We said we're full, we're not going to do any more deals. Then I had a South African partner come to me and say "I have a great idea on piri piri chicken," and another deal came to me, which is grilled fresh fish. Nobody was doing that--we merged those two concepts, which led to Boneheads Grilled Fish and Piri Piri Chicken. After that, we said, "We're absolutely done; we're not doing anything more." Then this thing called Jump n Joe's caught my eye. My kids love these big inflatables, so we branched out and did that one and renamed it Monkey Joe's. We're off and flying with that one. And then a breakfast group comes to us. We're going to change the name and a few other things, and roll out a breakfast place. That's nine, and we have pizza and a wine concept idea on the brain, and I hope that nobody comes to me with any great ideas or I don't come up with anything great in the next year or so, because we've got a lot to digest.
We've never sold a brand. We love having the brands, and it makes perfect sense to have them together, because now I go in there and take 10,000 or 14,000 square feet in these big lifestyle centers, and I can buy a package site. I've got the power of real estate. My food purchasing has gone straight up and has helped all the brands out. Our co-marketing dollars have been huge. It has been a great advantage for competitive reasons, for marketing, for franchising sales. We don't have to sell up a bunch of territories now. It's been huge for us to have this many brands that are noncompetitive with each other. They're completely different. We don't co-brand. We don't merge them. They're completely separated out, and it has worked very well for us.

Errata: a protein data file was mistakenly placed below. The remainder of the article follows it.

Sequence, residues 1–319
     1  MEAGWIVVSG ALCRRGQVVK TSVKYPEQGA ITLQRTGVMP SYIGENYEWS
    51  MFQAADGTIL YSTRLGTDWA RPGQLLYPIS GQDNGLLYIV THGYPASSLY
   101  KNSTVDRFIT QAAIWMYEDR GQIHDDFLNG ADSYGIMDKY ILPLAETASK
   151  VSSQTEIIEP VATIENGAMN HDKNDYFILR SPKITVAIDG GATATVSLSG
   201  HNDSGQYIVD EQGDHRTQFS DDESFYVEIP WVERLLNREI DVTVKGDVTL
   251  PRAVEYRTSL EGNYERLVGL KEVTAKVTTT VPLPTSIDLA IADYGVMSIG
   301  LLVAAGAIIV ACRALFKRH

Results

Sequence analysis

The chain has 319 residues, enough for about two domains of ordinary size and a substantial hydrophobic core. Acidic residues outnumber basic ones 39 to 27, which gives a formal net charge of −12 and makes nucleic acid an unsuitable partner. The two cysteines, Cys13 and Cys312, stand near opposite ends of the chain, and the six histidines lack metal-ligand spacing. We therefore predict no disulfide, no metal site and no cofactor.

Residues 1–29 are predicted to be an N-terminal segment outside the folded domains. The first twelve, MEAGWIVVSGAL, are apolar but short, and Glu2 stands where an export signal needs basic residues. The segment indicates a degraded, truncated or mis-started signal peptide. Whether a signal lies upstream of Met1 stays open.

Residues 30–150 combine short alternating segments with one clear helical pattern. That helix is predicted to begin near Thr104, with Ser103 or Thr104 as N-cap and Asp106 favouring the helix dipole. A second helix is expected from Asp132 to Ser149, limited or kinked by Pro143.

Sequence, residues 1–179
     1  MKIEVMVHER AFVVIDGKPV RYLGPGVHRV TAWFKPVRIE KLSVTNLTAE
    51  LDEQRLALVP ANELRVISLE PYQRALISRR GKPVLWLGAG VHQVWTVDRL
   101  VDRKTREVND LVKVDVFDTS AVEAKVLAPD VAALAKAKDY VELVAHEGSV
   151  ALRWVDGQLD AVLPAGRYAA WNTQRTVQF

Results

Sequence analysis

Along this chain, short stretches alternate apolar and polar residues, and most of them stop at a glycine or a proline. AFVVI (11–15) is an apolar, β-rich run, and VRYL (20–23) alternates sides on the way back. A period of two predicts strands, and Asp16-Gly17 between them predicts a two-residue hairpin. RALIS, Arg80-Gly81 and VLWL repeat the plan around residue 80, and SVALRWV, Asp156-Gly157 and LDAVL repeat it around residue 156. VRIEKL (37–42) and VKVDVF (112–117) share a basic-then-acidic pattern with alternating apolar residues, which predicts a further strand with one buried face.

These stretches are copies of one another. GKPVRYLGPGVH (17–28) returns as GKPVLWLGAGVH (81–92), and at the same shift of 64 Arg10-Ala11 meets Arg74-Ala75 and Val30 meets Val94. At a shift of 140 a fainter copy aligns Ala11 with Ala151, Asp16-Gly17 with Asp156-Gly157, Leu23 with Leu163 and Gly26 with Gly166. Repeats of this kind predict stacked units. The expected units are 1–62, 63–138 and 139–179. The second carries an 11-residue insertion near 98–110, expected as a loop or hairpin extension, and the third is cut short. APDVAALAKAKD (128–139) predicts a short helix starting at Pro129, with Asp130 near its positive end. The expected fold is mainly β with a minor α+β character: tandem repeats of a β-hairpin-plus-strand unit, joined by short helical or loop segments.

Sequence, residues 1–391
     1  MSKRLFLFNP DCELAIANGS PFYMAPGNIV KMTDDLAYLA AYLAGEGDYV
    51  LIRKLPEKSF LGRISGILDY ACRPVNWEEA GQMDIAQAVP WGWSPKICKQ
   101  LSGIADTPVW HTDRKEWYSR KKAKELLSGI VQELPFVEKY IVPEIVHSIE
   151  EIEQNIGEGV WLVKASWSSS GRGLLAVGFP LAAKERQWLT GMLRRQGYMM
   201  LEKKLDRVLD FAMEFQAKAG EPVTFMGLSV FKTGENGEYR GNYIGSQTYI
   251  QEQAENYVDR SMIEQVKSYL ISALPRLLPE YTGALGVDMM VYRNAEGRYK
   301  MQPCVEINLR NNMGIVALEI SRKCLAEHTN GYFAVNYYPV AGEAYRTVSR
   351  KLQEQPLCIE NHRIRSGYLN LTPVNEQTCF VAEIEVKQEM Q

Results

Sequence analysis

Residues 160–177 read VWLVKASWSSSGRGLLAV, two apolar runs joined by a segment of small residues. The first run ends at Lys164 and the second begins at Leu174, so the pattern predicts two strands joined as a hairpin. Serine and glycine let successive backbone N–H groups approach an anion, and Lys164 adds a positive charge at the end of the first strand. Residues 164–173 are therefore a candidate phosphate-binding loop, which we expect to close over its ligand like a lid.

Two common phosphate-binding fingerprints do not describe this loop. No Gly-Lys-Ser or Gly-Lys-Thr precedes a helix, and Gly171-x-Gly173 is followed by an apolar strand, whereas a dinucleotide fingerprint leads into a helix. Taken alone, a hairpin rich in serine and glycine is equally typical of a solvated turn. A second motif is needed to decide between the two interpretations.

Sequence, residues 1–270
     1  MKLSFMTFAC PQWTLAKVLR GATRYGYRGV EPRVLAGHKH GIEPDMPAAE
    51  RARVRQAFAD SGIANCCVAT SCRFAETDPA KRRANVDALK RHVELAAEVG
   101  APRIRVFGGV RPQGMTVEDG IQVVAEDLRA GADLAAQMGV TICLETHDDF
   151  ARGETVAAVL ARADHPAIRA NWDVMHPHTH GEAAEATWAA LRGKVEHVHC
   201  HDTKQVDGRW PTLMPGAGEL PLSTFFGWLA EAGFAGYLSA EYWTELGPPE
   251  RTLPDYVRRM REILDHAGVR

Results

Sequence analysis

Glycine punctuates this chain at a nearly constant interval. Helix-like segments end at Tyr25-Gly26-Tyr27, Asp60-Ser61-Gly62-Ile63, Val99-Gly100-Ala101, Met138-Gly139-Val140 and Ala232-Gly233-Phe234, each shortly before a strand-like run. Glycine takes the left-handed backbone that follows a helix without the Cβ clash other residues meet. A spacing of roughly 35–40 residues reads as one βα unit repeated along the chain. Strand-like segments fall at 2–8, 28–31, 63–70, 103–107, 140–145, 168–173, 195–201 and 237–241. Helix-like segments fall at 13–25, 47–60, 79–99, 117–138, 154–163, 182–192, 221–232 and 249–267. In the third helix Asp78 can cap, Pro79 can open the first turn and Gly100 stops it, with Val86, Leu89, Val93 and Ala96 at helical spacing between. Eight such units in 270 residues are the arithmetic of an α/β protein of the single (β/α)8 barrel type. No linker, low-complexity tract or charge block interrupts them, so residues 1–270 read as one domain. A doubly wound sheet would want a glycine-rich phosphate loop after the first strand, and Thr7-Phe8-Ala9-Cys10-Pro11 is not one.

What does the future hold?
Sprock: We think pizza can be done better, healthier, with more gourmet toppings. There are a lot of ideas we have in the pizza world. We might find an existing chain--we've looked at a couple--and modify those and rework those. We're looking at different ideas.
We've also looked at different wine ideas as far as retail wine retail shops. That's about it. We're trying to be the best in each of our categories, so that takes up a lot of our effort and time. It's not about how many more things we have. We don't need any more. We just need to do better at what we have. We want to be in 50 states, and we want to have the best presence in every single state in every single category. That's a tall order, so you have to work pretty hard on that.
 

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yveskleinsky

Bronze Contributor
Speedway Pass
Jul 26, 2007
2,233
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I think this guy may be a long lost relative of mine! My thinking process is about as fragmented as his. ...I suppose the main difference being that he is actually making money off his ideas and I am driving people crazy. Small detail. :smxB:
 
OP
OP
JesseO

JesseO

Contributor
Jul 25, 2007
548
31
33
Phoenix, AZ
Honestly, I think you're doing great, and I have great respect and admiration for your courage and determination, Yves.
 

yveskleinsky

Bronze Contributor
Speedway Pass
Jul 26, 2007
2,233
495
192
42
Thanks for the encouragement! I am really making a concerted effort to reign in my thinking. I would have no problem starting a 1000 different businesses, if they got started...and became profitable.